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The Soft Matter and Interfaces Group

On-going effort to tell you how I (Ana Vila Verde) and my research group spend our time. You'll know I've pulled myself together when there is enough information here to make it useful.

Dr. Ana Vila Verde (she)

My CV, funding, referee activities can be seen in my ORCID record. My pubIons record is also reasonably informative (my referee activities are incomplete, though); my Scopus record is out-of-date.

Publications: best checked in my Google Scholar profile, which I keep tidy and up-to-date (mostly), or using my ResearcherID (H-7805-2013) in Web of Science.

Postal address University of Duisburg-Essen, Faculty of Physics (AG Wolf), Lotharstr. 1, 47057 Duisburg, Germany

Where I do my thinking: building MC, office 362 (3rd floor), Lotharstr. 1, 47057 Duisburg, Germany

Email: ana.araujo-vila-verde _at_


  • Congratulations to Hosein Geraili for defending his PhD Thesis The role of acidic amino acids in the hydration and stabilization of halophilic proteins!


  • Hosein Geraili shows that acidic amino acids are not necessary to keep proteins hydrated at high concentrations of KCl in his article in the Biophysical Journal,
  • Ana Bergues clarifies the mechanisms governing the deformation of peptide alpha helices pulled in tension in her article in PCCP.
  • João Robalo shows that features of the hydration shell of CF3 groups are fundamentally different from those around CH3 in his paper in JACS.


(For now, just a few place holders. Soon I'll write something that conveys how excited I am about what I do - hint: I like doing the work more than I like writing my webpage.)

We use particle-based simulation methods to investigate the structure and dynamics of soft matter and of interfaces, both biological and inorganic. We use mainly classical molecular dynamics or Monte Carlo methods and a variety of levels of description of matter (fixed-charge or polarizable all-atom, coarse-grained), with emphasis on advanced simulation techniques to enhance sampling of phase space thus allowing the calculation of thermodynamic observables such as relative free energies.

  • Halophilic proteins: understanding the origin of their surprising functionality at high salt concentrations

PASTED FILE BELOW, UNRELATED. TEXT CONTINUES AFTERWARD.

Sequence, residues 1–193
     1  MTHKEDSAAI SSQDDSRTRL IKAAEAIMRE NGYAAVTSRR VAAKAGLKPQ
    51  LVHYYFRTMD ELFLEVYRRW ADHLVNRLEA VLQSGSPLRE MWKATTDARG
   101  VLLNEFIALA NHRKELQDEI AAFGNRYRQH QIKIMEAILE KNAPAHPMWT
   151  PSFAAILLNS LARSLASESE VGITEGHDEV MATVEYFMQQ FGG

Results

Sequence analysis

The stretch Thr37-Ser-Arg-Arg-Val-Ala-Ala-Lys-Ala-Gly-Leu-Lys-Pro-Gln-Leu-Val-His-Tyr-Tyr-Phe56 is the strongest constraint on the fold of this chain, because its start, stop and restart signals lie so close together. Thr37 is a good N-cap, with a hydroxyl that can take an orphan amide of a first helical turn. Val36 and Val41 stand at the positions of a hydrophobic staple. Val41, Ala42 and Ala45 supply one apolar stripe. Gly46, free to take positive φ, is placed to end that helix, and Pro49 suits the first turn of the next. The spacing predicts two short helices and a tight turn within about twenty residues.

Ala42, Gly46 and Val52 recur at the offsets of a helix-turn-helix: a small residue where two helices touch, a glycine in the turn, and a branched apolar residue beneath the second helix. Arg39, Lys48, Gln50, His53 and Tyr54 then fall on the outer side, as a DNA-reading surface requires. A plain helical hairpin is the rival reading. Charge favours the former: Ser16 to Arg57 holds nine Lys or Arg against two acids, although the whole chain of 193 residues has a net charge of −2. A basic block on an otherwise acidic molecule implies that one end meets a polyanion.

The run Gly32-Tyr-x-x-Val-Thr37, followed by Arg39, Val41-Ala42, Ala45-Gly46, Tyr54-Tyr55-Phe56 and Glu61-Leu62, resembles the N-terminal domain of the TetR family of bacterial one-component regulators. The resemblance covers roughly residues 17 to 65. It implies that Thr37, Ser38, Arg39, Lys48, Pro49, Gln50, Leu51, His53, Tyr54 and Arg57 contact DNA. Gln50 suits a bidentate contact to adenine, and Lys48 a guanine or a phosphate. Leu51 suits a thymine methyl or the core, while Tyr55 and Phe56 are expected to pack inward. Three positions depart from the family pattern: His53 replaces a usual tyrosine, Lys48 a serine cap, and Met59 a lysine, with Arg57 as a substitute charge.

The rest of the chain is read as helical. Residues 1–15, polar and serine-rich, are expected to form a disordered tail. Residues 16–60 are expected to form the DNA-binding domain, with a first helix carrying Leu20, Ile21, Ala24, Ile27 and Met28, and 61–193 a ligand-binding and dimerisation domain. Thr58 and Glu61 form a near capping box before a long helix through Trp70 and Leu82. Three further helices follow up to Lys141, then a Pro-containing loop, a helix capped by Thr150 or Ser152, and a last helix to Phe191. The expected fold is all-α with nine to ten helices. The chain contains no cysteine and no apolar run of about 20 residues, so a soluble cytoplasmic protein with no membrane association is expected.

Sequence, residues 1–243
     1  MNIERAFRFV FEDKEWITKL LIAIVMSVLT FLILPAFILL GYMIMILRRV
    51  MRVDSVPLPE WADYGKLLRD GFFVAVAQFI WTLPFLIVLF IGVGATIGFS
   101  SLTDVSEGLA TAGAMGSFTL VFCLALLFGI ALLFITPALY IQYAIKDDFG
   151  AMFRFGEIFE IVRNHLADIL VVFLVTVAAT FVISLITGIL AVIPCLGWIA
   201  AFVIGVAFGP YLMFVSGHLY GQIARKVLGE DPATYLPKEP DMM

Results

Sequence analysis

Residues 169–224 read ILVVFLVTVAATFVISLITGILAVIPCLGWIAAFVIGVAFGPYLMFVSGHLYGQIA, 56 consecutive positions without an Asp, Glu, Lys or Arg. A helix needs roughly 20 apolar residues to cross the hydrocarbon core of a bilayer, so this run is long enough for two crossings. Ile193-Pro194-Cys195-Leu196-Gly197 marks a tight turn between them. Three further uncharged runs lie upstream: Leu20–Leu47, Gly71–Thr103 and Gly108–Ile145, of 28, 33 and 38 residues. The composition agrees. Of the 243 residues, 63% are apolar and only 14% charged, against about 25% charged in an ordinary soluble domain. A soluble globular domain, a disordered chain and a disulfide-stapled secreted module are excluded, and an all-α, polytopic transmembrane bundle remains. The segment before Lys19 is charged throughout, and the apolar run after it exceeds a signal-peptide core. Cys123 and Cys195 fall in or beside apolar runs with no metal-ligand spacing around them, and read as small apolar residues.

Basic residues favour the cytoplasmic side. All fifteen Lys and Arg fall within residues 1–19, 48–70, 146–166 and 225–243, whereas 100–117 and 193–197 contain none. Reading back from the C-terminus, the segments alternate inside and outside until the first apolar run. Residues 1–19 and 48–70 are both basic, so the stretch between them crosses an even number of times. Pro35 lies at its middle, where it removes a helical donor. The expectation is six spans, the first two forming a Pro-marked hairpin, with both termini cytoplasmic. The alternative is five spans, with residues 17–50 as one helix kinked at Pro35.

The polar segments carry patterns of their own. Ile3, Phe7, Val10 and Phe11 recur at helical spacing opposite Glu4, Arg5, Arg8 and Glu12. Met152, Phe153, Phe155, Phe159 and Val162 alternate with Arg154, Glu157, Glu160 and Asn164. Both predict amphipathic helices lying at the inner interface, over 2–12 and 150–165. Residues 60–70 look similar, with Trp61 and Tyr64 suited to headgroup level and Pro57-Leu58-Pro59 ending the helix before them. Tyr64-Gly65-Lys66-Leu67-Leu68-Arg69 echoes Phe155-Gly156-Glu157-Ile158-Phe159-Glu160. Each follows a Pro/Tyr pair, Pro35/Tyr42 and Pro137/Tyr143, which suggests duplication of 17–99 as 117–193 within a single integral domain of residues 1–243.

• Fluorinated (bio)molecules: how fluorination impacts the structure, dynamics and thermodynamics of hydration, the hydrophobic effect, and protein stability and conformation
  • Mechanical response of proteins to applied force
  • Hydration of inorganic and organic ions; ion-ion interactions
  • Force field development



  • Dr. Hosein Geraili, who just completed his PhD in the group and will continue his project as a post-doc.

Former Members

I have been fortunate to work with some wonderful students and post-docs. Here they are:

  • Dr. Ana Elisa Bergues-Pupo, currently at the Max Delbrück Center for Molecular Medicine in the Helmholtz Association, Berlin, Germany.
  • Dr. João Robalo, currently at the Max Planck Institute for Colloids and Interfaces, Golm, Germany.
  • Dr. Chuanfu Luo, currently at the State Key Laboratory of Polymer Physics and Chemistry, Changchun Institute of Applied Chemistry, Chinese Academy of Sciences, Changchun 130022, China.


Force field development

Optimized parameters for ions in the AMBER/GAFF force field: AMBER-ready input files here; Gromacs-ready input files here

The Amber/GAFF suite of force fields is widely used by the molecular simulation community. We have recently developed Lennard-Jones parameters (see the SI of [1] and of [2]) that better describe ion-ion and ion-TIP3P water interactions, fully compatible with AMBER/GAFF. We provide improved parameters for the interaction of anions (carboxylates, sulfates, sulfonates, phosphates) with TIP3P water and with important cations (sodium, potassium, ammonium and primary amines). We strongly recommend using these parameters to adequately describe, e.g., salt bridges between acidic amino acids and lysine, and protein solvation at high NaCl and KCl concentrations. Many of the ions are present in buffer solutions typically used experimentally; our parameters enable investigating the impact of buffers on protein structure and dynamics.

Force fields for fluorinated amino acids:

AMBER-ready input files to simulate amino acids with CF3 groups are in the SI of this paper, and for those with CF and CF2 groups are here

DIY: Modifying Lennard-Jones parameters in the Amber force field

Should you ever need to do it yourself, this tutorial explains how to:

  • Modify the self-interaction Lennard-Jones parameters of oxygens of carboxylate groups in proteins.
  • Modify the Lennard-Jones parameters defining the interaction between sodium ions and the oxygens of carboxylate groups in proteins.

Useful information

Research affiliations and funding